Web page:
Henriquez said she is still looking for lights and a stage. Mayor Richard Alcombright said options could be asking a local business about borrowing a flatbed as well as the city's consideration of acquiring its own portable stage for the upcoming Levitt Amp Music Series.

He and the commissioners also were concerned about noise levels but Henriquez said they would work to alleviate any concerns and noted the festival would end at 9:30 p.m.

"There's so much MCLA involvement but it's really about getting the more community participation," she said. "I can't wait to have this at Windsor Lake."

The commissioners also heard from Erik Carlson of Dalton, a disc golf enthusiast who is working on plans for a course at Windsor Lake with the commission and mayor's permission.

He showed a short video to the mayor and said volunteers would do the minor clearing and maintaining of the wooded course.

"It's minimal maintenance depending on the course," he said. "The only thing you see is a basket, it's not an eyesore."

Installing the baskets and poles are the hardest part, and would require digging or, better, an augur.

Commissioner William St. Pierre, who did not attend, has asked for the specs and materials list to give to McCann Technical School to price out.

Carlson estimates the metal baskets would be about $300 or so, and believes that local families or businesses might be interested in sponsoring them. He showed several images with brands or logos on the baskets.

He touted the friendly atmosphere of disc golf courses and how they attract enthusiasts from around a region.

"There's a study that vandalism decreases where there are courses because there are people there more often and they're taking care of it," he said, adding that MCLA students might be very interested.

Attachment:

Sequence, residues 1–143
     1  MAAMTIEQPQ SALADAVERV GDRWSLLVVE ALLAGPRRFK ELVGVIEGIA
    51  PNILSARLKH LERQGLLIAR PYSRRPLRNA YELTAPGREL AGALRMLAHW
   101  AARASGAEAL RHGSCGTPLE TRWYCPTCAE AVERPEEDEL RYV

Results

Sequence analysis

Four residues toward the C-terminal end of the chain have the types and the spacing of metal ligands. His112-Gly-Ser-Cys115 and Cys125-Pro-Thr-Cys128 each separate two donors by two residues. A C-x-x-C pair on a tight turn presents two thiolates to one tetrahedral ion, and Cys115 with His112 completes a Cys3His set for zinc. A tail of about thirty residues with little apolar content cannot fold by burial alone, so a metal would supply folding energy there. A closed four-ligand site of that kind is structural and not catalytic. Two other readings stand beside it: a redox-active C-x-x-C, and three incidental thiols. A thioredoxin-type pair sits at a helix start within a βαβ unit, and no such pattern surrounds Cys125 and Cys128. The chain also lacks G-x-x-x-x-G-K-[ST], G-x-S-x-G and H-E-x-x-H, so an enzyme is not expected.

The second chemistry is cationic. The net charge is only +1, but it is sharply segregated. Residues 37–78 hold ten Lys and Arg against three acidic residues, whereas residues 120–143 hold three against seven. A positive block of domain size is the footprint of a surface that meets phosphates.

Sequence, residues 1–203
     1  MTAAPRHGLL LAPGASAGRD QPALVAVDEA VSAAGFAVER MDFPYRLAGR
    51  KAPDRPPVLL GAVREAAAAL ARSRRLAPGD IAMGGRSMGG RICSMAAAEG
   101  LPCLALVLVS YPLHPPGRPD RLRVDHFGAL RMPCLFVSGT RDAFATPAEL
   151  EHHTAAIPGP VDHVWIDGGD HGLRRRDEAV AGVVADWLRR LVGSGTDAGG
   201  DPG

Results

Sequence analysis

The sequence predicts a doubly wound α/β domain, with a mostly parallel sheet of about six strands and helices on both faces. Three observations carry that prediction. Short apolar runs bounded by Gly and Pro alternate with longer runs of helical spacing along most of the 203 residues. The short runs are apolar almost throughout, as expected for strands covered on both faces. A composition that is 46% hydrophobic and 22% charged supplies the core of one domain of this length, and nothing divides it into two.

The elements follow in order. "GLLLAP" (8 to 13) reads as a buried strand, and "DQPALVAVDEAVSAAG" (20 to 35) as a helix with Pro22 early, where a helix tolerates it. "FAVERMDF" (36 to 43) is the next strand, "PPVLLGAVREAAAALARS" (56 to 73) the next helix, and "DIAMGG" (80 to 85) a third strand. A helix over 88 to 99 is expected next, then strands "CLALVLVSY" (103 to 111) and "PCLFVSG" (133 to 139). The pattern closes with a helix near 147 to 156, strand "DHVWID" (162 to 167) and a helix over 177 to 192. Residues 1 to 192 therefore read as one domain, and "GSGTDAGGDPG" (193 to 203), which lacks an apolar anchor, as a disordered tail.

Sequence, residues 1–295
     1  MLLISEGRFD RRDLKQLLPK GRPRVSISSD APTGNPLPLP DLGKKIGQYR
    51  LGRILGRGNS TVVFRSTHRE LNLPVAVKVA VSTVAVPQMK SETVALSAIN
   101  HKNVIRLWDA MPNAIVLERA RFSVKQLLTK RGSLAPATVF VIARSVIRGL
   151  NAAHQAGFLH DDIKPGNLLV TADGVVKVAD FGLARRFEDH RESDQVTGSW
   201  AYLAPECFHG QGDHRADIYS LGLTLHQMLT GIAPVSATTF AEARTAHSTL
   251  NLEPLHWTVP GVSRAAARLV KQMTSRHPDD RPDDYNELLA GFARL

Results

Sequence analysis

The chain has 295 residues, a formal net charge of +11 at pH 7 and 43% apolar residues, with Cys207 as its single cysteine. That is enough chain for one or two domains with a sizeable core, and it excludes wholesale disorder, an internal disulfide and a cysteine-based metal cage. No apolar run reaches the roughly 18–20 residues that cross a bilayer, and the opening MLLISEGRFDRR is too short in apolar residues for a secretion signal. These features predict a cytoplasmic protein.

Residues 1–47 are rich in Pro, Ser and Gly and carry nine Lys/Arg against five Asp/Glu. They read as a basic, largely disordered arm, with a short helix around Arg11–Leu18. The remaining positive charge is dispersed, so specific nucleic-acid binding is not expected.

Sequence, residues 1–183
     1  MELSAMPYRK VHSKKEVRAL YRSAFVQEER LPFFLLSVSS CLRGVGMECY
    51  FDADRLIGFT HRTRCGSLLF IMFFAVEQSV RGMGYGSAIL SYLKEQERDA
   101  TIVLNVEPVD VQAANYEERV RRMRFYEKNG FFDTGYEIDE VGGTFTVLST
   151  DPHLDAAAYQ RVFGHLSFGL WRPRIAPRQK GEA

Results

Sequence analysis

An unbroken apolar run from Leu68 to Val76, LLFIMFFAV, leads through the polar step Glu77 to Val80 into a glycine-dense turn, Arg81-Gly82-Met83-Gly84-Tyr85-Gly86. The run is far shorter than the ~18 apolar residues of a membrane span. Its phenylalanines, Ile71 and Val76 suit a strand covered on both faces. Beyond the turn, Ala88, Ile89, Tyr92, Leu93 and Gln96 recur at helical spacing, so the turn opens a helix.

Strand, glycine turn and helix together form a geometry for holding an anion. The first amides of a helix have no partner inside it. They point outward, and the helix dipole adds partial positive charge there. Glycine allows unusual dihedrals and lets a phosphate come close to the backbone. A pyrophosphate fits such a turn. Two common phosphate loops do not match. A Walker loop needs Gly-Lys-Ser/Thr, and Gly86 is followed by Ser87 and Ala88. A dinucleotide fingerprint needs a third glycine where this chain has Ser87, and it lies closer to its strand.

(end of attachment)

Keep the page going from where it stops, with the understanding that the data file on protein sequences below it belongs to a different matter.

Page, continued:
"I think it would be awesome for the school to make a course that's right there," he said.

In other business:

Administrative Officer Michael Canales said the three-year phragmite removal plan hit a snag because of the mild weather. The tall plants were treated in the fall and were to be cut to the ice line this winter, except the ice hasn't been strong enough to hold the equipment. The contracted company will continue with what it can do, he said.

The commission discussed the possibility of upgrading electrical for the campsites. It was suggested to determine the cost of electricity for a seasonal site and average it out to be incorporated into the daily cost of a campsite. Upgrading the infrastructure would be a significant project. The commission will get cost estimates for consideration for 2017.

Commissioner Nancy Bullett said Williams College students are interesting in marking the trails around the lake but a topographical will be required to ensure they don't stray onto private lands.

Tags: arts festival,   disc golf,   festival,   Fish Pond,   Windsor Lake,   

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Remote Work May Offer Financial Benefits